Anyone who has not seen this movie… I dunno how available it is from rental places or Netflix, but it is worth watching (so is last year’s Crash, btw).
It’s basically the conversation a bunch of ethnically diverse men have during a weekend retreat over racism. It is emotional at times and rational at times. All of the Teacher Education Program TAs watched it today, but we didn’t have much time to discuss what we saw.
One thing I wanted to say was that I completely understand how one of the men felt when he said that he is tired of having to explain things all the time to white folk. It makes me think about how guarded I am all the time in an unconscious way and how when I go and visit my family down in California and we go to a Chinese restaurant and everyone is Chinese, I can almost literally exhale and just relax. Not that I feel much discrimination up here in the Northwest.. not explicitly so, but it is always there, like a shadow from a moving cloud which sometimes becomes very oppressive and other times is hardly noticeable.
I also remember talking to an African-American friend of mine once about how we just know. We were able to communicate a feeling that we had without even saying anything somehow… The conversation went something like:
Him: You know that feeling when… and it is always there… but in the background, sort of?
Me: Yes, I do.
And I’m sorry, but that is about as best as I can explain it to white folk.
But I do still have to wonder how much of the feeling is something I’m bringing to the table? In high school when I was rebuked by white girls, was it because of me or my race? That nagging thing… race is always a factor. I’d like to believe that it was me… or maybe not.. I don’t really know which is worse.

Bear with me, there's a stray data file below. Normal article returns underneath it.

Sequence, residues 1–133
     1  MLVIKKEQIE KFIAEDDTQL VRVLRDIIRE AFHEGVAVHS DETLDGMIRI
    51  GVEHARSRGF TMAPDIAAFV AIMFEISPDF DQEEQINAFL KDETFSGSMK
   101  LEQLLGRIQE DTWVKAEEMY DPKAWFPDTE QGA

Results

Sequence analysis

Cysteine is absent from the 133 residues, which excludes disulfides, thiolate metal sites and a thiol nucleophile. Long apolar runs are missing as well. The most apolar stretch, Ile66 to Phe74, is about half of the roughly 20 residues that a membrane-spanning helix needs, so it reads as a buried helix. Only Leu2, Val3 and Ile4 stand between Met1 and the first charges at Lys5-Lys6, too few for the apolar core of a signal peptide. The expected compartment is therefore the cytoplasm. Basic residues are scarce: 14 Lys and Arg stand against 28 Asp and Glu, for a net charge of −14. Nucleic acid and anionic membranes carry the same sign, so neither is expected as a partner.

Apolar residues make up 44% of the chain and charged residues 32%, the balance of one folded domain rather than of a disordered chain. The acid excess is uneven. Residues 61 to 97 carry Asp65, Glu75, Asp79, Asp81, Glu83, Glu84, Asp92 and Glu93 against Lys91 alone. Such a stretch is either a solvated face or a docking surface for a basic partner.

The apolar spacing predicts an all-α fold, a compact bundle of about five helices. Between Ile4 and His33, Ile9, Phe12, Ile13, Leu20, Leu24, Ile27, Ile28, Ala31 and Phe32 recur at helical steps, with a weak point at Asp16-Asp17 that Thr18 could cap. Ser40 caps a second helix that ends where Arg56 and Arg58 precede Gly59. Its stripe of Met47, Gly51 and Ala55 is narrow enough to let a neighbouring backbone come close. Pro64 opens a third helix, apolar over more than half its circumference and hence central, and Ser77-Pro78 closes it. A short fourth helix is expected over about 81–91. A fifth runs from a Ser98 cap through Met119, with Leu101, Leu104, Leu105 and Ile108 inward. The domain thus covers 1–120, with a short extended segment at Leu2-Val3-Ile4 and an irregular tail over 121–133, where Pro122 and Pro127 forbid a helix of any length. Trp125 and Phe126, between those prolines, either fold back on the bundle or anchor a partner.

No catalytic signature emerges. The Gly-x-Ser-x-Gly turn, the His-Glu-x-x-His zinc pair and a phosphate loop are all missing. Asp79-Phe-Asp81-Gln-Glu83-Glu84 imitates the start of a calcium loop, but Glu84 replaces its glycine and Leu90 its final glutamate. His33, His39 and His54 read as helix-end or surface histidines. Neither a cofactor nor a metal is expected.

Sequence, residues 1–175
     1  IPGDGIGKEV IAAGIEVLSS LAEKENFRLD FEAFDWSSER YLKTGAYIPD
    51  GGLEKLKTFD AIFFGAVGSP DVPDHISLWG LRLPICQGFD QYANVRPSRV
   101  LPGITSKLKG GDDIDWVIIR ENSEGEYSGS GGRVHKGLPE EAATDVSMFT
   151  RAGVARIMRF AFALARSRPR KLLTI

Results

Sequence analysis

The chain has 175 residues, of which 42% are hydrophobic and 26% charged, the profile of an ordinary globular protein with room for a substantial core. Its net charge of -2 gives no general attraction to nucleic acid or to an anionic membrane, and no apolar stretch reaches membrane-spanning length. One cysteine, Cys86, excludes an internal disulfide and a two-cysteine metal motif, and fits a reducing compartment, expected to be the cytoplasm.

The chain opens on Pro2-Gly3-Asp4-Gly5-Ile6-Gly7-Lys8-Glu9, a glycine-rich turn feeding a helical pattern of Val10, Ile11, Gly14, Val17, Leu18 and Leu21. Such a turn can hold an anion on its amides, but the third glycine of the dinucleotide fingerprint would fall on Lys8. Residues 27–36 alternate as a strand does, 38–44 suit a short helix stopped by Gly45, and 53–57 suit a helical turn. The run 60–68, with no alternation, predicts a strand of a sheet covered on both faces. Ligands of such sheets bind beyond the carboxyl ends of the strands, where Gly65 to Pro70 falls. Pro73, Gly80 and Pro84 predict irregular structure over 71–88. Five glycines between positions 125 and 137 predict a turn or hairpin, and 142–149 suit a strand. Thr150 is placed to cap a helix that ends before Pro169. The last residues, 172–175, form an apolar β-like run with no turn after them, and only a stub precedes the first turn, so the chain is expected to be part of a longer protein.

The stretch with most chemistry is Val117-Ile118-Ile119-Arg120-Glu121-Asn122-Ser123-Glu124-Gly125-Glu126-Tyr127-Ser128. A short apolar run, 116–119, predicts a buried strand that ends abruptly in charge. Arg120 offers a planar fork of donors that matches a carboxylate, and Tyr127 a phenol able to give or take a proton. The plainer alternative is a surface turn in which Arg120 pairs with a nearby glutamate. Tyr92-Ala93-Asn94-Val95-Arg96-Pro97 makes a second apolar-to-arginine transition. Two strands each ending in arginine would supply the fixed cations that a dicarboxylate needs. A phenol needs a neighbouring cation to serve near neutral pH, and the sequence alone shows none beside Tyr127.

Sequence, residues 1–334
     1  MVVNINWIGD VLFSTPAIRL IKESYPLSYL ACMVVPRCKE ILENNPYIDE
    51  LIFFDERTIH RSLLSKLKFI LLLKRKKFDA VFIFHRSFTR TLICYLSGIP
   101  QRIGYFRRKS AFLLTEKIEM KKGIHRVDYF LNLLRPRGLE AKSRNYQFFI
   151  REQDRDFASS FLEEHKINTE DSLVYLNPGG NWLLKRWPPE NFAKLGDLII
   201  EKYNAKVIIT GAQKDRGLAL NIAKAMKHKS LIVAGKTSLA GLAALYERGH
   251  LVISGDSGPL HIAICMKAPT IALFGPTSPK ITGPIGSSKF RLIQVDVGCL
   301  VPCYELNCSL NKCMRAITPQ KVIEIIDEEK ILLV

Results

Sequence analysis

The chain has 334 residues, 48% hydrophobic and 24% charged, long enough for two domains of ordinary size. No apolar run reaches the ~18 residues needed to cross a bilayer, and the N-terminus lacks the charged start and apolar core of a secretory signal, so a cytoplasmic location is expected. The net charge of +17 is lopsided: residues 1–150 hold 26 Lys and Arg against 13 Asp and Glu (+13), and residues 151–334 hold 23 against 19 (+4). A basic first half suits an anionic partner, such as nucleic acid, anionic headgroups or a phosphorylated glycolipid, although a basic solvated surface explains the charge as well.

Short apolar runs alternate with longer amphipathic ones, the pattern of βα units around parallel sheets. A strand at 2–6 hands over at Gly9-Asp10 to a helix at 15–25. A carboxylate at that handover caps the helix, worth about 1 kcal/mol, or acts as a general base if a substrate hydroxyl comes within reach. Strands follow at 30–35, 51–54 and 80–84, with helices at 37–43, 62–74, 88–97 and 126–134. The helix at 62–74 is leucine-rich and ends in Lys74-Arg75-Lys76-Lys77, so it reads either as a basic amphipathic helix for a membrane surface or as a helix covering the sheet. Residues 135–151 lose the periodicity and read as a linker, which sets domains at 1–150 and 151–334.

2 thoughts on “The Color of Fear”
my question is, how are you reactioning and living differently than the girls that rebuked you? How are we the minority reacting differently? I watched that video and it made me realize even I being a minority (iam hispanic) have discriminated my own kind and caucasions as well. This vodeo was a reall eye opener for me. I kind felt thou that victor and the others use the greg I think that is his name, as a punching bag. Althought I can really understand how frustrating it is to get an american whom has never had to deal with this, to understand. In my class we discussed the issues of racism and discrimination. It was a good mixture of race among us as well. What really got to me was how ignorant this white girl said, ” well our younger generation are being educated about this and the issues with racism and discrimination is getting better. The older generation is where the problem is being they were taught to think differently”. well as you can guess it the rest of the white students agreed. Her ignorance was so frustrating! I spoke up to her and said NO. You are not the minority. You do not have to worry if the person inside the store is going to give you shitty customer service when you inter a store becuase you are hispanic or becuase you are acompanied by your boyfriend, whom is african american and has dread locks, therefore even assumes he smokes weed, is an aggressive and angry black man. You do not experience discrimination becuase your skin color is different! To be honest, yeah her ignorance pushed the wrong button.
I think the problem is that a lot of poople don’t know they are being discriminatory. I mean, that white guy punching bag 🙂 said that he didn’t discriminate against “you people” when he was talking to Victor and the other minorities in the room. The oppressors (to use Freire’s terminology) often don’t think they are oppressing. And the oppressed fall into a pattern of oppression, just as you say. I, too, have discriminated against my own kind. It is hard not to fall into that pattern.
Your question about how I am living my life differently than those white girls. Well, that’s a good question. But it makes me mad. Why do *I* have to be different? Why can’t they SEE? Why do *I* have to get them to change? I just think it is too much to bear sometimes.
Thank you for your comment. It’s very insightful.